Previous research has identified demographic disparities in flood exposure following a hurricane [5], and that minority populations are often located in close proximity to sites where environmental exposure is present or highly possible in the case of a natural or human-made disaster [3, 4, 14]. This analysis emphasizes disproportionate flood exposure in potentially vulnerable populations, such as the aging and less affluent, and the unequal social impacts that natural disasters have. Our analysis shows that higher median household income at the ZCTA level is independently associated with less flooding, when considering both the self-reported and the FEMA flood measures. This suggests that higher-income neighborhoods may be located in safer areas than lower-income neighborhoods, where flooding from a natural disaster is more likely to occur.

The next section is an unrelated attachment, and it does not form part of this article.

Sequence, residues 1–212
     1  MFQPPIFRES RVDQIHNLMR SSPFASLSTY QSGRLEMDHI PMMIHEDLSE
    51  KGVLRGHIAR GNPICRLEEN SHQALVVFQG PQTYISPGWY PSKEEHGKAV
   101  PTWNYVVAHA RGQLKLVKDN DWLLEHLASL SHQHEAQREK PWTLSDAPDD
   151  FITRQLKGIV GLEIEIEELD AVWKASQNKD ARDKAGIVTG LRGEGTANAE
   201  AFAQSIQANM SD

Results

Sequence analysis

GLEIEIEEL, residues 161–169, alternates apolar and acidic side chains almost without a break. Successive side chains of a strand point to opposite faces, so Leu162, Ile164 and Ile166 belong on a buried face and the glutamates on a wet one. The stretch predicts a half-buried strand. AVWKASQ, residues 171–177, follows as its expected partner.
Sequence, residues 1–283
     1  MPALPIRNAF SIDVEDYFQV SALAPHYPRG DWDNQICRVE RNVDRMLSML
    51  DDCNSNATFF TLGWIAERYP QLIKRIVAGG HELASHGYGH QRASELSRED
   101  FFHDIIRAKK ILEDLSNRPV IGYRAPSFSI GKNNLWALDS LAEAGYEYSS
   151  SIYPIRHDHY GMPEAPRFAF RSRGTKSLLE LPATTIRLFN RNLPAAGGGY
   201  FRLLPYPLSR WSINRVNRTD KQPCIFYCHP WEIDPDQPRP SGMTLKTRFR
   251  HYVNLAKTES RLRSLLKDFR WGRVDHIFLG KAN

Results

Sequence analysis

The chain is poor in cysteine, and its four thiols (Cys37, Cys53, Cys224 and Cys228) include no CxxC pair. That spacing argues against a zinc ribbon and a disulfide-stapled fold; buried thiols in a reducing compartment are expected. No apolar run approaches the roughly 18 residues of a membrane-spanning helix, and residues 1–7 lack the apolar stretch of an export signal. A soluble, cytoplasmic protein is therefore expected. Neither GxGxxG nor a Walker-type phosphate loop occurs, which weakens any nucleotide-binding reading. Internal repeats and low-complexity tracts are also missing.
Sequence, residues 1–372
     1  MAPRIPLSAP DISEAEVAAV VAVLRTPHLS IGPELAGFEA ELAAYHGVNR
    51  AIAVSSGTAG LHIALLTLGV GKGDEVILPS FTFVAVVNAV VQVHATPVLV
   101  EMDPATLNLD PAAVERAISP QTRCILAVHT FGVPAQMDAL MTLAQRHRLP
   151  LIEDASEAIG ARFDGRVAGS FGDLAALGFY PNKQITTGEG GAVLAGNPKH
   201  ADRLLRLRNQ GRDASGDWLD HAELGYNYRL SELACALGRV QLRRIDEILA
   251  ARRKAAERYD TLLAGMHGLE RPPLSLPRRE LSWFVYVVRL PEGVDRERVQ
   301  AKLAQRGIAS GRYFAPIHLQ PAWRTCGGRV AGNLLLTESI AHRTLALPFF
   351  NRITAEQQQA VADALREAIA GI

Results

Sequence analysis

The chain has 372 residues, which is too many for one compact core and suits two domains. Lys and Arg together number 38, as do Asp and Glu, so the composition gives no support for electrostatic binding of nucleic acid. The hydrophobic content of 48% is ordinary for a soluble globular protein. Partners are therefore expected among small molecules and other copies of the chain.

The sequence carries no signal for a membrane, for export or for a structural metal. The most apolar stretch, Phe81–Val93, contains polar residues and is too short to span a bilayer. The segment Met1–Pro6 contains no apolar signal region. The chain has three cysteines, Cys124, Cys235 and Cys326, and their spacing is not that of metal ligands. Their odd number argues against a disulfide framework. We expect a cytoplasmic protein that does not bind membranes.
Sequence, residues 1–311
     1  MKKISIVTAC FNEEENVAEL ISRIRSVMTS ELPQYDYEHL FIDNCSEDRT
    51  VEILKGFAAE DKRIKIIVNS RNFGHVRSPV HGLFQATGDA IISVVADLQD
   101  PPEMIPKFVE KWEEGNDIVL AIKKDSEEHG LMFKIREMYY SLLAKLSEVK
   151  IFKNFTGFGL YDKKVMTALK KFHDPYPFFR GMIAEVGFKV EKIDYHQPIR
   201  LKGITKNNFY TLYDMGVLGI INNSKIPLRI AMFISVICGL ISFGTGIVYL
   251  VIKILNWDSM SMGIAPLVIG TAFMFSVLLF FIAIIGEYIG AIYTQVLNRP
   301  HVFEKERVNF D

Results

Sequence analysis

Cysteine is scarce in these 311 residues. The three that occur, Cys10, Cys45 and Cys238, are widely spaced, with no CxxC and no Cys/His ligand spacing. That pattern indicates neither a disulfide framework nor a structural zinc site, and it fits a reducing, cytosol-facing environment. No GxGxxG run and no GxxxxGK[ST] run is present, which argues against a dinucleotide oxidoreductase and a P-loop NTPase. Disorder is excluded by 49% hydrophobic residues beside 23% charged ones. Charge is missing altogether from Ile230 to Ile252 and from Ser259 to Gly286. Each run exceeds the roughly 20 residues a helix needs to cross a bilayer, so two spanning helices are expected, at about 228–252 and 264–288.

We have previously published that Hurricane Sandy and Hurricane Harvey exposures have long-term mental health consequences, particularly among populations who are most vulnerable, such as those with preexisting mental health conditions [15, 16]. Here, those with existing mental health conditions prior to the hurricane were more frequently living in lower-income areas, where the most flooding extent occurred. This integrates with literature reporting an increased vulnerability to natural disasters, and their consequences among those who report mental health difficulties prior to the storm [17] and among those of lower income [18, 19]. Older adults also face additional challenges during disasters [20, 21], including difficulty in evacuating their homes, lack of access to medical care and prescriptions, and loss of support networks and services [22, 23]. The present results highlight the heighted vulnerability of older populations during disasters and the need for comprehensive disaster planning to reduce flood exposure. Taken together, the results suggest that lower-income neighborhoods are likely to be more exposed to the effects of a natural disaster, and are at the same time home to those who are most vulnerable to the effects of a disaster, such as older adults and those who are less educated or have previous mental health issues.